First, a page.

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March 2019

Rustam mourns Sohrab

Abu’l Qasim Firdausi (940-1020 AD) was a Persian poet born in Tus, Iran. He is the author of the ‘Shahnama’ or ‘Book of Kings’, which is the world’s longest epic poem. He spent thirty years writing it. Although it is stated that he may not have written the stories and legends himself but researched existing literature and inserted orally transmitted pre-Islamic era stories into the poem. Nevertheless, his ability to weave different legends into a cohesive literary masterpiece is outstanding.

The Shahnama consists of couplets tracing the history of Iranian kings from the creation of the world to the Arab conquest in 642. There are three parts to this- the mythical past, the age of the heroes and the recorded histories. The first two parts would qualify as literature and the last one as history.

The second part starts with the ruler Shah Faridun dividing the world between his three son- Salm, Tur and Iraj. Sam and Tur unite to kill Iraj which begins the cycle of war between Iranians (descendants of Iraj) and Turanians (descendants of Tur). Rustam is a prominent hero that emerges in these stories.

This is the story of kings of Sistan and Zabulistan. Iranian Sistan is ethnically Iranian and Baluchi while Zabulistan is Pashtu. These people were related to Indo-Iranians Scythians and Parthians. It is interesting to note that the the word ‘Pahlavan’ which is commonly used in Iran, Pakistan and India for wrestlers has its origin in the word ‘Parthian’ who later were known as ‘Pahlavi’. Parthians were great warriors and this word is a tribute to their bravery.

In Shahnama, Rustam is the son of Zal, Persia’s most powerful general and Rudaba, princess of Kabul. He was born in Zabulistan, a historical region in Southern Afghanistan. In the legend, Rudaba had a prolonged labour due to the extra ordinary size of the baby and a kind of Caesarean section had to be performed to get the baby out ! Within five days, he grew into a boy and within few weeks, he grew into a young man. He was blessed with extra ordinary strength and as a child, killed a white elephant who went on a rampage in the palace. A large part of the story focuses on the seven trials faced by Rustam and how he overcomes them.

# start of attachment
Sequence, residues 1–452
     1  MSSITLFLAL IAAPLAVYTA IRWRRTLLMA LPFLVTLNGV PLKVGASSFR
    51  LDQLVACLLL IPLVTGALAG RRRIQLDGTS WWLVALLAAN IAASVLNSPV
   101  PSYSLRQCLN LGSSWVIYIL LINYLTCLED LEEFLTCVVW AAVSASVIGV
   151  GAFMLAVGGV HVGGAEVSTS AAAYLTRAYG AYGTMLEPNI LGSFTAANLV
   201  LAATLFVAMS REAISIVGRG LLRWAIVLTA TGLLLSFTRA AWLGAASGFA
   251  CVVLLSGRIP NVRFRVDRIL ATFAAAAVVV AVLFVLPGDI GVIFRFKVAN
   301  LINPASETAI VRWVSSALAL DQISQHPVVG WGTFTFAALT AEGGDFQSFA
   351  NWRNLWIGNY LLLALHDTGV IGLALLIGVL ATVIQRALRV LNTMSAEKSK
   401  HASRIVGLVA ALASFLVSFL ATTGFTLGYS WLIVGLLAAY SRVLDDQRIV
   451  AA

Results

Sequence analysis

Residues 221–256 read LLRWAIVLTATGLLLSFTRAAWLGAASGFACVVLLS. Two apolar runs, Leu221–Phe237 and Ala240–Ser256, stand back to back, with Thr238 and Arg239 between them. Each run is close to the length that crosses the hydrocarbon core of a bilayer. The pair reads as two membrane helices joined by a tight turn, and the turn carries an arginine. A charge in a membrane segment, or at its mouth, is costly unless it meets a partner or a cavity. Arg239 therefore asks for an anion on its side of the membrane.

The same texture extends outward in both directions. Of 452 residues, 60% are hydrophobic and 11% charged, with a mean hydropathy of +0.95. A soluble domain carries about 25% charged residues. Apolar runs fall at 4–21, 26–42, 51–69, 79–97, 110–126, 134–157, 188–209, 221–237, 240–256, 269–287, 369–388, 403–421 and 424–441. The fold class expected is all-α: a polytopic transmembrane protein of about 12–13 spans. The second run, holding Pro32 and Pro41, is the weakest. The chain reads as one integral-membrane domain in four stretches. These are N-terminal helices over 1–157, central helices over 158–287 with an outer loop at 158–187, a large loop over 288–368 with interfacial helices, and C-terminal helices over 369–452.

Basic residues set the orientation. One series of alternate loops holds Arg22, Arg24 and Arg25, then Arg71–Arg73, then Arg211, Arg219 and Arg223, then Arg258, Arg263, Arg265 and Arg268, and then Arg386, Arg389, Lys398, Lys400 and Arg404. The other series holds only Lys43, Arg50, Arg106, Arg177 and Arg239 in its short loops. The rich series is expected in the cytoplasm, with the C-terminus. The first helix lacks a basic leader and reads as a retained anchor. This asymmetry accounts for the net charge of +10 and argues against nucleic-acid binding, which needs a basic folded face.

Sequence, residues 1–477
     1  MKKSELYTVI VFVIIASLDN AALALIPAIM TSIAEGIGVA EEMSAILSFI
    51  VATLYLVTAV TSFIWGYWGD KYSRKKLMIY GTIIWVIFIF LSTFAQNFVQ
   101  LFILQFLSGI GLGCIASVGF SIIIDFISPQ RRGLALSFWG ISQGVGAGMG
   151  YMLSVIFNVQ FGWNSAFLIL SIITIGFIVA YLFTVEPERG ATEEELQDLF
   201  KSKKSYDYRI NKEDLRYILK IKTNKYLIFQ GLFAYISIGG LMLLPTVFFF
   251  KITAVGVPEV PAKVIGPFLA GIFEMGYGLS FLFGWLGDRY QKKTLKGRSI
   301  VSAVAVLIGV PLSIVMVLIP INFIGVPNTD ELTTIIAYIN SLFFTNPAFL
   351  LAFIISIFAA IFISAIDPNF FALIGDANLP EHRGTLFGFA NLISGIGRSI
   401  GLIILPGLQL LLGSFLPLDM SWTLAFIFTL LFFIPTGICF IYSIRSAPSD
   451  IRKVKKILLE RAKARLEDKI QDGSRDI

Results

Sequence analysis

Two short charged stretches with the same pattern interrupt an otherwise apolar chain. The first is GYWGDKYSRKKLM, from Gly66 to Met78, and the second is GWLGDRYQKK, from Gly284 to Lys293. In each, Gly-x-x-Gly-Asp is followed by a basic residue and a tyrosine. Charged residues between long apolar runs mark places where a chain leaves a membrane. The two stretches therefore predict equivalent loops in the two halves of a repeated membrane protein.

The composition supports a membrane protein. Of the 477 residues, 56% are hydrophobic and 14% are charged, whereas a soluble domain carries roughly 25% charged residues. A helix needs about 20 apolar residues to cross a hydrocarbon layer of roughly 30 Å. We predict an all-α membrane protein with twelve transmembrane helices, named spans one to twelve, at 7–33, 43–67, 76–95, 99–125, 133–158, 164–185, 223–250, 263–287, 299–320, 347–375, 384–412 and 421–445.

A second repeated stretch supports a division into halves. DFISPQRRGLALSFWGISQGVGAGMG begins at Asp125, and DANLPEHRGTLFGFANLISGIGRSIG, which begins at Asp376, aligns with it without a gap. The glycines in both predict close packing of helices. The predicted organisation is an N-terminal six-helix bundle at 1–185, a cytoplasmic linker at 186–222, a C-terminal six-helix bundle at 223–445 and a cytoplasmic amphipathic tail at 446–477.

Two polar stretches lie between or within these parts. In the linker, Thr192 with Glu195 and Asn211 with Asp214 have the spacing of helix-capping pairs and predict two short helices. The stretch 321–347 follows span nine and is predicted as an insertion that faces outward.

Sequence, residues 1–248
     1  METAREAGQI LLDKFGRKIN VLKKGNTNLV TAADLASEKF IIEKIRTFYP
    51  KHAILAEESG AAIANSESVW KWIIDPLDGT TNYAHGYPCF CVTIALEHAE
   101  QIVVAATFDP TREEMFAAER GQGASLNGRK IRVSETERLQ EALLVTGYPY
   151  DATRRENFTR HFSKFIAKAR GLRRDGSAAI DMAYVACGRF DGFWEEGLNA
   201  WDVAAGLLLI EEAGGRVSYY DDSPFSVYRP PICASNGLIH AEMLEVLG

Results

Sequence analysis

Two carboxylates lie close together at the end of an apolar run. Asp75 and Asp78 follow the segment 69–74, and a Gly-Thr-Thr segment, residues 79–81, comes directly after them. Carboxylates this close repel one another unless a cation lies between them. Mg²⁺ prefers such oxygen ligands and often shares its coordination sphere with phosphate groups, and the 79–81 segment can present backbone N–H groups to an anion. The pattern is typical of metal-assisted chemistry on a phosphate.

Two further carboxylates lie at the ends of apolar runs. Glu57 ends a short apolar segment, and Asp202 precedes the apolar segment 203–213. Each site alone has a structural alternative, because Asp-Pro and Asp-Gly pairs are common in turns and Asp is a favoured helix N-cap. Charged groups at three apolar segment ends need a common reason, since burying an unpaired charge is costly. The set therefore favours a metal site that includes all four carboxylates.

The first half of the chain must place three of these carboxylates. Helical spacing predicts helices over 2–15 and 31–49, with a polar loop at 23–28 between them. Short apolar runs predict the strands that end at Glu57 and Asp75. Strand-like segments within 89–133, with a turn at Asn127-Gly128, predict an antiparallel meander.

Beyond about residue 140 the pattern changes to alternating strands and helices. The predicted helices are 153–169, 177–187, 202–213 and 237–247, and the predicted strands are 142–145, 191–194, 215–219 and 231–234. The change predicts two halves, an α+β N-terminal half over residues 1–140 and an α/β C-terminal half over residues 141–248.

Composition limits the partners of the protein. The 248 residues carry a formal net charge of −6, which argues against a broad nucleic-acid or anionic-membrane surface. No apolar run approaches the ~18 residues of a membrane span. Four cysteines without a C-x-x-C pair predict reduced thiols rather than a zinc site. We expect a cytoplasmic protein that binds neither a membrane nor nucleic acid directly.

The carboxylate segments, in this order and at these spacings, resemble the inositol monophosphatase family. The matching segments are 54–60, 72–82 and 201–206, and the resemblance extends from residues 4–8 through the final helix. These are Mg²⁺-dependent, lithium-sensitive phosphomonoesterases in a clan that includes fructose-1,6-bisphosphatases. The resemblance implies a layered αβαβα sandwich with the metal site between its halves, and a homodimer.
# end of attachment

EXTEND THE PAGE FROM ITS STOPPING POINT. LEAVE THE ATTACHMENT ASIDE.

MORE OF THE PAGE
Rustam’s powerful horse Rakhsh is as legendary as the hero himself. Once when his horse Rakhsh was captured, he took the help of Princess Tahmina of Samangan to recapture him. In return, Tahmina begged him for a son as she was in love with Rustam. Rustam had to leave but nine months later, Tahmina gave birth to his son Sohrab. Sohrab is tragically killed by his father Rustam in war as Rustam was unaware of his identity. He identifies him by the arm bracelet that he had given to Tahmina many years ago.

The Iran that is referred to in the Shahnama may not be geographically the same as present day Iran. As per a 2018 BBC article written by Joobin Bekhrad, ‘According to Dick Davis, translator of the Penguin edition of the Shahnameh, Aryanam Vaejah ‘Land of the Aryans’ “was almost certainly [in] Central Asia: modern Uzbekistan, Turkmenistan, [and] Tajikistan”. It is for this reason, for instance, that the Alborz Mountains Ferdowsi speaks of, and which are so central to Zoroastrian lore, are not the present-day ones in northern Iran, or why, as Davis says, “the modern Sistan is largely to the west of the ancient Sistan”. Expanding on the location of Iran in the Shahnameh, Davis posits that: “In the poem’s mythical and early legendary sections, Iran is in what is now northern Khorasan, and reaches as far north as present-day Bokhara and Samarkand … and it reaches as far east as the Helmand province in Afghanistan … With the Sassanians, Iran becomes more or less modern Iran.’

Firdausi’s own life had a rather sad end. He received 20,000 Dirhams instead of the 60,000 dinars that was promised by his royal patron, the Ghaznavid ruler, Sultan Mahmud. A depressed Firdausi gave the money to his bathhouse attendant. A remorseful Sultan later send the money to him but it was too late as Firdausi died on the day the money was sent. He died a poor man and was buried in his own orchard.


  1. http://www.bbc.com/culture/story/20180810-the-book-of-kings-the-book-that-defines-iranians- by Joobin Bekhrad